As I mentioned in the first part of this series, the banking environment these days can be pretty frustrating, often resembling something out of a Tim Burton movie—dark, twisted and leaving you shaking your head saying “What the hell just happened?” In this installment of Banks vs Entrepreneurs, I’ve outlined the importance of weighing your options when looking to borrow capital and grow your business.
While the title of this series clearly pits banks against entrepreneurs, I want to be clear that I’m not casting aside all banks and bankers. There is a list, albeit a very short one, of traditional bankers that I recommend. In most cases, the bankers on the short list work with you and they take into consideration things like cash flow, prenuptial agreements, related LLC’s—random pieces that are unique to every entrepreneur. Upon request, I’m more than happy to share my short list; I’m just not going to post it publicly for fear of adding more flames to the already burning bridges with the other ones that routinely make my life miserable.
As an entrepreneur or small business, traditional financing can be a nightmare. With regard to “nontraditional” financing, there are so many different paths out there that knowing which one to take—and what to expect once you choose—can be not only confusing but also time consuming.
The preliminary questions to answer are boundless: Is it business or personal? Do you need a loan or a line? Amortizing or interest only? Secured or unsecured? Are you willing to sign a personal guarantee? What’s your debt-to-income ratio? What’s your credit score? What’s your credit card utilization? What do you have that can be used as collateral? What’s the loan-to-value on that collateral? Ugh!
Your particular situation will dictate what financing options you really have available. What I usually find after I produce loan package after loan package for traditional underwriters is that if the entrepreneur is not abjectly declined for credit, they are left with few possible options. Don’t panic. There are alternatives—many of which are based more on future potential as opposed to relying simply on past performance or current balance sheets.
One of my favorite non-traditional routes is peer-to-peer lending, which can be thought of as the eBay of loans. Those who pursue this can usually get up to about $35,000 from a whole lot of people that want to lend a fraction of the loan. When all is settled, you can come away with a pretty reasonable rate and the total is paid over three to five years. Two companies that are great for this are Lending Club and Prosper.
Another option is to consider factoring services that will buy part or all of your accounts receivable—usually for reasonable discount rates. This works by the service giving you an advance on your accounts receivable. Some factoring services will have you remit payments to them, some will just electronically take the future deposits from your checking account and some will have your customers pay them directly. Be sure you know which approach they take before signing anything, as you need to know up front and be comfortable if your customers will be contacted by the factor.
You could also go the route of venture capital (VC). This approach often has the advantage of high-level expertise that is provided in the form of a management overlay or a consulting arrangement. Be prepared to give up ownership if you do pursue VC and if your profession allows it (for example, doctors, lawyers and CPAs are just some examples that prohibit non-licensed individuals from ownership without certain criteria in place).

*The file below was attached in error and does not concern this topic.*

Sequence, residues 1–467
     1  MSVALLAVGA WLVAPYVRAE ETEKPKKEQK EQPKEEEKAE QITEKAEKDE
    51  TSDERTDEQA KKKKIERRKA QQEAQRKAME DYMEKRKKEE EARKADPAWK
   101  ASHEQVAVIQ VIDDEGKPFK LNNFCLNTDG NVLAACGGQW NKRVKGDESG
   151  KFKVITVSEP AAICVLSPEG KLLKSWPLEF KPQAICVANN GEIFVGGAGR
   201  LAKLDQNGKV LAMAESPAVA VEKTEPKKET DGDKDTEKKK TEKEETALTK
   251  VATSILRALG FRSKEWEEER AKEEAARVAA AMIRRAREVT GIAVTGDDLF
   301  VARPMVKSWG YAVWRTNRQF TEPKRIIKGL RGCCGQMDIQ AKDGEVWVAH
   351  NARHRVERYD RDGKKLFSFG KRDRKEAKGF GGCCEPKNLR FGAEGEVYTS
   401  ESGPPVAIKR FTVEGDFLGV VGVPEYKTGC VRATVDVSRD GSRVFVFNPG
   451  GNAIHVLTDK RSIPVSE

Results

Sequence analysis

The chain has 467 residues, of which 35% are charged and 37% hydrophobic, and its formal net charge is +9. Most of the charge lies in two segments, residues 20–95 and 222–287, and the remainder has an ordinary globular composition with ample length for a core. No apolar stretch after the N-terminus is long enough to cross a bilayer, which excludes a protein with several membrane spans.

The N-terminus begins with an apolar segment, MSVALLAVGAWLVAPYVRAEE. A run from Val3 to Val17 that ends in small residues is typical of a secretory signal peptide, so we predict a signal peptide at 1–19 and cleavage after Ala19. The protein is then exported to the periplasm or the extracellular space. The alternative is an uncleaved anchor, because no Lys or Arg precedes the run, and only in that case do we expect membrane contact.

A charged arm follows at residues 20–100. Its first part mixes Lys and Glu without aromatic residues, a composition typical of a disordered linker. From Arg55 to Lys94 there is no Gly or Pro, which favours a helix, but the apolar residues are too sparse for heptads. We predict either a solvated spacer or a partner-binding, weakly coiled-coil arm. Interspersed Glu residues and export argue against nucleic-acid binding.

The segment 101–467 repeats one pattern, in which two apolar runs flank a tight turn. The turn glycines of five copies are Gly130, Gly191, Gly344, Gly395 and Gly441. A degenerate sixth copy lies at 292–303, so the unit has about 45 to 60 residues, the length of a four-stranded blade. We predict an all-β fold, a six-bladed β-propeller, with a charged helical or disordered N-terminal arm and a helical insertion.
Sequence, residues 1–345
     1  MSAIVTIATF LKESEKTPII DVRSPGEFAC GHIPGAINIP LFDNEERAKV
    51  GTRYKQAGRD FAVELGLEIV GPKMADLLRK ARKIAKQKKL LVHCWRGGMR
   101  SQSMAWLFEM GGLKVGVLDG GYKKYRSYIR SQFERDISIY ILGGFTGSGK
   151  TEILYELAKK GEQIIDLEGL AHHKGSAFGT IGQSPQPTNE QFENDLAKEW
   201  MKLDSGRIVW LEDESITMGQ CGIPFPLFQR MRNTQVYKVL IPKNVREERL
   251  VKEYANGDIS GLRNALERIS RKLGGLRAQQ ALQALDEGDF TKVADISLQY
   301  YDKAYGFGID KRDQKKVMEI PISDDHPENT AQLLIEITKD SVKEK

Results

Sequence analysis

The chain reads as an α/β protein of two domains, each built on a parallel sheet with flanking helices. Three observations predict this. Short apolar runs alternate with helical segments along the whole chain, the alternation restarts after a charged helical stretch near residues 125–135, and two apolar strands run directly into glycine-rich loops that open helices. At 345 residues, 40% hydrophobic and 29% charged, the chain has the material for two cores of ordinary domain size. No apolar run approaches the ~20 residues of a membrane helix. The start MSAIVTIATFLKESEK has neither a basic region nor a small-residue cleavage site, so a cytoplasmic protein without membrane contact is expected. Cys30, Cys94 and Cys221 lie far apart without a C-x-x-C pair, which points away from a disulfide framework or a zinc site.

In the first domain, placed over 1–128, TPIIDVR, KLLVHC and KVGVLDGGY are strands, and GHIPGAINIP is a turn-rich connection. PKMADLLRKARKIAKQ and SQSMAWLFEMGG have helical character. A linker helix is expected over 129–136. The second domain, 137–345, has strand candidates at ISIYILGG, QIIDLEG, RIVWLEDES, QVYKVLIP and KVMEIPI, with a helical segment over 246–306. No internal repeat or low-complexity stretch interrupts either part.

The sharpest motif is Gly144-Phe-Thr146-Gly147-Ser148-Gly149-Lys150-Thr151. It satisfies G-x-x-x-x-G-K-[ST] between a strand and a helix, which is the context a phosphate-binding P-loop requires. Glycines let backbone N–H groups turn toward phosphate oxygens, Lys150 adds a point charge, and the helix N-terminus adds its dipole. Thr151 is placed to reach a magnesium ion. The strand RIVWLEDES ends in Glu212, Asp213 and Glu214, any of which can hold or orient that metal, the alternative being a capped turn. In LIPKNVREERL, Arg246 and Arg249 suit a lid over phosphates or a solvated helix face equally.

If you are really creative, you can build quite a bit of liquidity by pooling things like credit cards that offer cash advances at miniscule rates, commercial overdraft lines of credit of up to $20,000 that do not charge fees for advances, and loans on retirement plans where you are literally paying yourself the interest that accrues on the payments. You obviously want to use a combination of these with a careful thought-out plan, but these can often be a quick and easy resource to solve short-term liquidity problems.
Beware, as some non-traditional options can be dangerous. Be cautious of astounding fees and interest rates. One example of an option with exorbitant interest rates is one commonly called a Merchant Loan. The lender gives you a set amount and it is usually deposited into your account at lightning speed, which makes it very tempting to accept. Then you are set up for daily payments that are automatically taken from your account. A recent deal I saw was for $30,000 and had payments of $302 per business day for about seven months. The owner of the company thought that $302 sounded reasonable and his daily credit card sales would cover it. The actual annual percentage rate worked out to be over 104%!
Armies of business owners that I talk to are bound and determined to get away from needing banks at all, which is a major reason why I decided to write this series. Because entrepreneurs are running for the nearest exit wherever possible, eventually the lending environment is going to have to change. However, in the meantime, if you do a little bit of homework, you can save yourself from the usurious interest rates of predatory lenders, unnecessary inquiries that screw up your credit and endless loan packages that waste your time.
You know your business and you have a pretty good idea of your financial picture. Don’t hope for a miracle. In the current banking environment you need to make a plan and be prepared to ask the important questions. Weighing all of your options is the first piece of homework to do in order to arm yourself for the battle of ultimately getting financing. By taking the steps I will continue to detail in this Banks vs Entrepreneurs series, you will be in a better position to be successful, get the best deal and know what you are getting yourself in to.